Creators of genetic ‘scissors’ win chemistry Nobel

In News

  • The Royal Swedish Academy of Sciences has awarded the 2020 Nobel Prize (Read Comprehensive Analysis of Nobel Prize) in Chemistry to Emmanuelle Charpentier and Jennifer A. Doudna for development of a method for genome editing.
  • Their discovery, known as Crispr-Cas9, is a way of making specific and precise changes to the DNA contained in living cells.
    • The CRISPR (short for Clustered Regularly Interspaced Short Palindromic Repeats) technology for gene-editing was developed in the year 2012.
  • Using these, researchers can change the DNA of animals, plants, and microorganisms with extremely high precision.

About: DNA and RNA

  • Deoxyribonucleic acid (DNA) and Ribonucleic acid (RNA) are nucleic acids.
  • Along with lipids, proteins, and carbohydrates, nucleic acids constitute one of the four major macromolecules essential for all known forms of life.
  • DNA is the chemical name for the molecule that carries genetic information in all living things.
  • The DNA molecule consists of two strands that wind around one another to form a shape known as a double helix.
  • RNA is a molecule essential in various biological roles in coding, decoding, regulation and expression of genes. Unlike DNA, RNA is single-stranded.

In Focus: Genome editing

  • Genome editing (or genome engineering, or gene editing) enable scientists to make changes to DNA, leading to changes in physical traits, like eye colour, and disease risk.
  • Editing, or modifying gene sequences is not new and scientists have been using different technologies for gene editing for several decades.
  • These technologies have been used particularly in the field of agriculture, where several crops have been genetically modified to provide particular traits.

CRISPR/Cas9 technology:

  • In essence, the technology works in a simple way — it locates the specific area in the genetic sequence which has been diagnosed to be the cause of the problem.
  • It then cuts that area and replaces it with a new and correct sequence that no longer causes the problem.
  • The technology replicates a natural defence mechanism in some bacteria that uses a similar method to protect itself from virus attacks.
  • An RNA molecule is programmed to locate the particular problematic sequence on the DNA strand.
  • A special protein called Cas9, which is now often described as a ‘genetic scissor’, is used to break and remove the problematic sequence.
  • A DNA strand, when broken, has a natural tendency to repair itself, but the auto-repair mechanism can lead to the re-growth of a problematic sequence.
  • Scientists intervene during this auto-repair process by supplying the desired sequence of genetic codes, which replaces the original sequence.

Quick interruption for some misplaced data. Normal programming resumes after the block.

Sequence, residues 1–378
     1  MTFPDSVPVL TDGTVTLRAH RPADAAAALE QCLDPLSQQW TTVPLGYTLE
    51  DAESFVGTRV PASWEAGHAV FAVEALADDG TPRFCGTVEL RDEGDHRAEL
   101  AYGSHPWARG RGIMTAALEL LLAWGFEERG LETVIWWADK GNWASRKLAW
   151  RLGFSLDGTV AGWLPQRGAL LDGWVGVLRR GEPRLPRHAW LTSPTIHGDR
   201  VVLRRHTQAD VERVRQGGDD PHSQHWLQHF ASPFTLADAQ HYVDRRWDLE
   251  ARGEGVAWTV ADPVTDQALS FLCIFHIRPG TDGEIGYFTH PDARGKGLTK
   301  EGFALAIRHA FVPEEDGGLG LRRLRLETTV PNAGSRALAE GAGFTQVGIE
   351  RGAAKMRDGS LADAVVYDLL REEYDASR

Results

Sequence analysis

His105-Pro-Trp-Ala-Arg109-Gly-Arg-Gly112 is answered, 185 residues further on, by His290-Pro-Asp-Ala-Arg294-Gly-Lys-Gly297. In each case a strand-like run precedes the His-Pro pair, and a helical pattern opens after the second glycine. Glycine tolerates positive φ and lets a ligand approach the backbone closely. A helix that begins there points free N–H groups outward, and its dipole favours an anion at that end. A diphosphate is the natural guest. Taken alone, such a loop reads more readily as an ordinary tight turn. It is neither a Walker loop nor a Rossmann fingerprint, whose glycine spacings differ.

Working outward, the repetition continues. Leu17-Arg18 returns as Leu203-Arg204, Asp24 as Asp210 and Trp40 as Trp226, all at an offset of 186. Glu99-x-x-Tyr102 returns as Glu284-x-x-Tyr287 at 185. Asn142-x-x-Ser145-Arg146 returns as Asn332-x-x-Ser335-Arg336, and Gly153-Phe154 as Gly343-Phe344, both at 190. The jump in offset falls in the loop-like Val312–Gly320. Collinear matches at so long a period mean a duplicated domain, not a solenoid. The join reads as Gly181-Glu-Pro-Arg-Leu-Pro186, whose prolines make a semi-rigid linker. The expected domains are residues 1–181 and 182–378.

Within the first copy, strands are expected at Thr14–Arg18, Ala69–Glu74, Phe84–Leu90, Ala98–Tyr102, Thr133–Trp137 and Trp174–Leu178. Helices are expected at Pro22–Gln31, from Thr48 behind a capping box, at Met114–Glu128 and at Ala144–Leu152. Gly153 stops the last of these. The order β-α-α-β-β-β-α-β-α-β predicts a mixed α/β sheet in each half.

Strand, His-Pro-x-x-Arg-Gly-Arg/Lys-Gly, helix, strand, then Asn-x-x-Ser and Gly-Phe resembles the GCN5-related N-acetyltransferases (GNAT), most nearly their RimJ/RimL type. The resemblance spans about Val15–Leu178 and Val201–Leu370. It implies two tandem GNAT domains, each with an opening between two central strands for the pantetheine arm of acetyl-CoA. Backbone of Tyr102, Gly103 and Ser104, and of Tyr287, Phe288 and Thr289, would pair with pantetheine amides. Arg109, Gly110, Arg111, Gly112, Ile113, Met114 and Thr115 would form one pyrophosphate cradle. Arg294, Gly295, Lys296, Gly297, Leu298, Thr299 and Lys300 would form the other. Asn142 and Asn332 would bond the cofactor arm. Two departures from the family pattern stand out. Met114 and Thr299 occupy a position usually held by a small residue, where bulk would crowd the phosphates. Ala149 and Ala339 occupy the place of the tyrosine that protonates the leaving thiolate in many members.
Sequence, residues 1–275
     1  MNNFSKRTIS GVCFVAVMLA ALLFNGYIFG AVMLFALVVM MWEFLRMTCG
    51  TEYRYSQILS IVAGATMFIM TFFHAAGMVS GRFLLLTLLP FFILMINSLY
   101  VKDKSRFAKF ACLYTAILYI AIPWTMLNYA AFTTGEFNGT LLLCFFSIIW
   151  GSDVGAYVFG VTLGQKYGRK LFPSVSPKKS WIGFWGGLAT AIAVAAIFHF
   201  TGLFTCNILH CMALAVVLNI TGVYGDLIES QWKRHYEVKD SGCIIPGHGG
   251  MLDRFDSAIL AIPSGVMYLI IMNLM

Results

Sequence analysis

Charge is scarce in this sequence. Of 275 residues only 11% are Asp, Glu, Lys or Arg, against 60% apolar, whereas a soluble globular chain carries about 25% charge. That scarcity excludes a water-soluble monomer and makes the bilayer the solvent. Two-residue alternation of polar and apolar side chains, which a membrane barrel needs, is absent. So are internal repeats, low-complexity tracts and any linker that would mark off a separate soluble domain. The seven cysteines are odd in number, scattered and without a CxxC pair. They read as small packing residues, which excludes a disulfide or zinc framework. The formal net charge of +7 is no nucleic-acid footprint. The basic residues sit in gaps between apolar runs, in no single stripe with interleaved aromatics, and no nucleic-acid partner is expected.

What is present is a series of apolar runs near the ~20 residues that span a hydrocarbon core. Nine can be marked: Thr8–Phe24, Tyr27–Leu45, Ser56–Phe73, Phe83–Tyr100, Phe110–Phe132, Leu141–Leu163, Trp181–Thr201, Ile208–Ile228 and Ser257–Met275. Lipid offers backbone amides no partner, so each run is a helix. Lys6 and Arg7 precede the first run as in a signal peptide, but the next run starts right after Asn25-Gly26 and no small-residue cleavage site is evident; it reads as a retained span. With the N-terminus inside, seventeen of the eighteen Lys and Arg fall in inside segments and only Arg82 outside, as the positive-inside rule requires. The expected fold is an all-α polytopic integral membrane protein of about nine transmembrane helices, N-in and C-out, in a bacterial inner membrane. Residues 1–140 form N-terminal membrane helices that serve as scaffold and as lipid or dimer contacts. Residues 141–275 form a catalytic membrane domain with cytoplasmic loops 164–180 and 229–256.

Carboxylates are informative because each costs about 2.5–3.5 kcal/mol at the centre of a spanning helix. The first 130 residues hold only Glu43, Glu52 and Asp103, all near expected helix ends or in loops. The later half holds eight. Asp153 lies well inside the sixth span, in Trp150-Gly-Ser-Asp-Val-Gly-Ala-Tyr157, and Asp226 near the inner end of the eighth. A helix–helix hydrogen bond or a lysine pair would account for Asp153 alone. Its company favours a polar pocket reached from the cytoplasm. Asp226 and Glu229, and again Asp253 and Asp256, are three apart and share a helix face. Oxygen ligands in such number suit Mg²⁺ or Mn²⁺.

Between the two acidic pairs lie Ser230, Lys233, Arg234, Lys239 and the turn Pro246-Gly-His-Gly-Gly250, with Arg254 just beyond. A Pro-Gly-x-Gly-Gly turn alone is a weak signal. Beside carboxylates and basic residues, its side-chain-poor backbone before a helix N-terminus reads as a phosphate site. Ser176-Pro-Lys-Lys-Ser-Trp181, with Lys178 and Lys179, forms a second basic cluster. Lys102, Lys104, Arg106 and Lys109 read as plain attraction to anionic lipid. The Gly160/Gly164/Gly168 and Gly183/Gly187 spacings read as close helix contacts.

Development process of the scissors:

  • During her research ona common harmful bacteria, Prof. Charpentier discovered a previously unknown molecule.
  • This was a part of the bacteria’s immune system that made viruses powerless, by cutting off parts of the virus’ DNA.
  • Later Prof. Charpentier worked with Prof. Doudna to recreate the bacteria’s genetic scissors and simplified the tool to use and apply it to other genetic material.
  • They then reprogrammed the scissors to cut any DNA molecule at a predetermined site.

Benefits of the technology

  • The CRISPR technology is simpler, faster, cheaper, and more accurate than older genome editing methods. Many scientists who perform genome editing now use CRISPR.
  • The technology can not only transform basic research but can also be used to treat various illnesses.
  • It has led to innovative cancer treatments, and many experts hope it could one day make inherited diseases curable through gene manipulation.
  • It is currently being investigated for its potential to treat sickle cell anaemia, a blood disorder that affects millions of people worldwide.
  • It has already contributed to significant gains in agriculture, by altering the genetic code of crops to help them withstand drought and pests.

Issues with the technology

  • In 2018, a Chinese researcher had altered the genes of a human embryo that eventually resulted in the birth of twin baby girls.
  • This was the first documented case of ‘designer babies’ being produced using the new gene-editing tools like CRISPR. It raised exactly the kind of ethical concerns that scientists like Doudna have been speaking about.
  • In the case of the Chinese twins, the genes were edited to ensure that they do not get infected with HIV, the virus that causes AIDS.
  • The concerns were not over the reason for which the technology was used but around the ethics of producing babies with particular genetic traits (designer babies).
  • If genome-edited children grow up and have children, any alterations to their genomes could be passed down to their generations. This can introduce permanent changes in the human population.
  • It has also been pointed that while CRISPR technology is very precise, it is not 100 per cent accurate, and it is possible that some other genes could also get altered by mistake.

Way Ahead

  • Professor Doudna herself has been campaigning for the development of international rules and guidelines for the use of CRISPR technology.
  • She has also advocated that various applications should not be allowed till proper rules and regulations are in place.

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